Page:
Effective March 10, 2016, the Board of Directors (the “Board”) of the Company approved, authorized and adopted the 2016 Equity and Incentive Plan (the “Plan”) and certain forms of ancillary agreements to be used in connection with the issuance of stock and/or options pursuant to the Plan (the “Plan Agreements”). The Plan provides for the issuance of up to 375,000 shares of common stock, par value $.025 per share (the “Common Stock”), of the Company through the grant of nonqualified options (the “Non-qualified options”), incentive options (the “Incentive Options” and together with the Non-qualified Options, the “Options”) and restricted stock (the “Restricted Stock”) to directors, officers, consultants, attorneys, advisors and employees.

 

On March 11, 2016, the Company entered into a restricted stock agreement with Mr. Jeff Cosman, CEO, (the “Cosman Restricted Stock Agreement”), pursuant to which 212,654 shares of the Company’s common stock, subject to certain restrictions set forth in the Cosman Restricted Stock Agreement, were issued to Mr. Cosman pursuant to the Cosman Employment Agreement and the Plan.

 

The entire 212,654 shares fully cliff vested on January 1, 2017. The expense related to this award totaled $2,764,502 which was recognized ratably over the service period through December 31, 2016. Accordingly the stock based compensation related to this award for the three months ended March 31, 2017 was nil.

 

The restricted stock roll forward is as follows:

 

   Shares   Fair Value 
         
Unvested Restricted Stock balance, December 31, 2016   212,654   $13.00 
           
Vested   (212,654)  $13.00 
           
Unvested, March 31, 2017   -   $- 

 

Unrecognized compensation cost at March 31, 2017 was nil.

 

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NOTE 14 – VARIABLE INTEREST ENTITY

 

The CFS Group owns 20% of the Tri-City Recycling Center, (“TCR”), which has been treated as a variable interest entity in these condensed consolidated financial statements. TCR leases a facility to the Company used in the operation of the Tri-City Regional Landfill in Petersburg. The sole source of TCR’s revenues is lease payments from the Company. While the creditors of TCR do not have general recourse to the assets of the Company, there is an obligation to perform by the Company under the leases which collateralize mortgage obligations. The terms of the lease are for a period of 20 years with a 10 year renewal option. The lease includes an annual escalation in rent payments of 1.5%. The equity, income and any contributions or distributions of equity are reported under non-controlling interest in the combined and consolidated financial statements of the Company. Total assets, liabilities, income and expenses of TCR in the condensed consolidated financial statements at March 31, 2017 are $1,461,000, $1,295,000, $71,000 and $31,000, respectively.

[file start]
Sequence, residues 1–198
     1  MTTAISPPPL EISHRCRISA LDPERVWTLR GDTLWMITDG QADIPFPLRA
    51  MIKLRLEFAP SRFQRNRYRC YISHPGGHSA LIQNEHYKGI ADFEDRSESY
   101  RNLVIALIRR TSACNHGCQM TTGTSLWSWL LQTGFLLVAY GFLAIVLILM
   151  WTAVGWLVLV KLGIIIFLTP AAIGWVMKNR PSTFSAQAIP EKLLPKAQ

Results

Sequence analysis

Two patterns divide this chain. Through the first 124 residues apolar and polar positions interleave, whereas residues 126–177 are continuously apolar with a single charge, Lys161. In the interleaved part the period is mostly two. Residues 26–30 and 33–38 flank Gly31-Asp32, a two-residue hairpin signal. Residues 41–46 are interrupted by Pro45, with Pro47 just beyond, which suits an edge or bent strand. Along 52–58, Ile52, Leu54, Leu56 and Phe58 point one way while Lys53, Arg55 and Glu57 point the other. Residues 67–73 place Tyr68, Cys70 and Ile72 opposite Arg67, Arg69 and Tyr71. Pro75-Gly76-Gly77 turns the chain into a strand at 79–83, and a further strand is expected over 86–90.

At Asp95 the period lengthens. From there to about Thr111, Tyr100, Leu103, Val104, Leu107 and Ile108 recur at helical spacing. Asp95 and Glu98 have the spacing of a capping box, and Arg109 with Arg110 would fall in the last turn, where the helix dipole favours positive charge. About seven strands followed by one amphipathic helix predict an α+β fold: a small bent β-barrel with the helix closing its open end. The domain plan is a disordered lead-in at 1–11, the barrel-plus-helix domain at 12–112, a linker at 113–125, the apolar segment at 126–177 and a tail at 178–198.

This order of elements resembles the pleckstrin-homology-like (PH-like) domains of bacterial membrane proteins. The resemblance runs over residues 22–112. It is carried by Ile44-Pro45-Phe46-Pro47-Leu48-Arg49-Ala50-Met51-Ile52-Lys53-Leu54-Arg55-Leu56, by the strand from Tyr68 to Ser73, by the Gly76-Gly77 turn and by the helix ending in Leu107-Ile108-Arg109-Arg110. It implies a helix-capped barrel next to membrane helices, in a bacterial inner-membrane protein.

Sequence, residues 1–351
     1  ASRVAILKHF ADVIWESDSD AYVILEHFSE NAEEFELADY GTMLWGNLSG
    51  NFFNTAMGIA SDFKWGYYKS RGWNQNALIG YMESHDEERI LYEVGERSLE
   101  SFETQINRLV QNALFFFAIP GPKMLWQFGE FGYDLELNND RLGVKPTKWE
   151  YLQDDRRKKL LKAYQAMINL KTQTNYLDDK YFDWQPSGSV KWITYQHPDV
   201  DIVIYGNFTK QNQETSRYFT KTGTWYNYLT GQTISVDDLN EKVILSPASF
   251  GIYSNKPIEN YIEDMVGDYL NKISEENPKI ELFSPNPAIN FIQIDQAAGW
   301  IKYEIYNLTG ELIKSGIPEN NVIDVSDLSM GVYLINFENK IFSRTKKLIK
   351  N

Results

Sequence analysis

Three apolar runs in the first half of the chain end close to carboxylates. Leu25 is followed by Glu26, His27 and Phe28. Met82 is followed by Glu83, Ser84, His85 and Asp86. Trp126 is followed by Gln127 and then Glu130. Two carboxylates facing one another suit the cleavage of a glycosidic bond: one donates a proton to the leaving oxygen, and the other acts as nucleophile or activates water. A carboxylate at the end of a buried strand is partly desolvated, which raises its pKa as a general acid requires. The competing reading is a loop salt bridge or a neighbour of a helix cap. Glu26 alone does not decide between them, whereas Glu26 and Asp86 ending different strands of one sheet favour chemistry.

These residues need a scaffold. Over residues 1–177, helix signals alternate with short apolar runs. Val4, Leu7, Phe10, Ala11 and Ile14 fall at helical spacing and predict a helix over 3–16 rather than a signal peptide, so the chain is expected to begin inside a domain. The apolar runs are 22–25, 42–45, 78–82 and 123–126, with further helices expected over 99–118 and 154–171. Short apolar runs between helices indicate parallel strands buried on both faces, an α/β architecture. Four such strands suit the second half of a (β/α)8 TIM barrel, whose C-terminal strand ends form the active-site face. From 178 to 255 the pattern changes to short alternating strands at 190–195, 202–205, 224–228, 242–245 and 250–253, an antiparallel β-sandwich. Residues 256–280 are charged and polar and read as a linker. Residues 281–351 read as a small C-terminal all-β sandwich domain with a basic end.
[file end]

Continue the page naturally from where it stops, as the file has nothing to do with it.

At March 31, 2017, total liabilities include the mortgage obligations of TCR in the aggregate of approximately $1,295,000, collateralized by the net book value of the facilities under lease by the Company of approximately $1,447,000.

 

NOTE 15 – SEGMENT AND RELATED INFORMATION

 

Historically, the Company had one operating segment. However, with the acquisition of The Mid-Atlantic segment during the three months ended March 31, 2017, the Company’s operations are now managed through two operating segments: Mid-Atlantic and Midwest regions. These two operating segments and corporate are presented below as its reportable segments. The historical results, discussion and presentation of the Company’s reportable segments are the result of its integrated waste management services consisting of collection, transfer, recycling and disposal of non-hazardous solid waste. Summarized financial information concerning our reportable segments for the three months ended March 31, 2017 is shown in the following table:

 

   Service
Revenues
   Net
Income (loss)
   Depreciation and Amortization   Capital Expenditures   Total
Assets
 
                     
Mid-Atlantic  $2,725,000   $(966,000)  $937,000   $500,000   $58,800,000 
Midwest   8,180,000    (585,000)   2,042,000    900,000    47,900,000 
Corporate   -    (1,472,000)   20,000    -    1,000,000 
Total  $10,905,000   $(3,023,000)  $2,999,000   $1,400,000   $107,700,000 

 

NOTE 16 – SUBSEQUENT EVENTS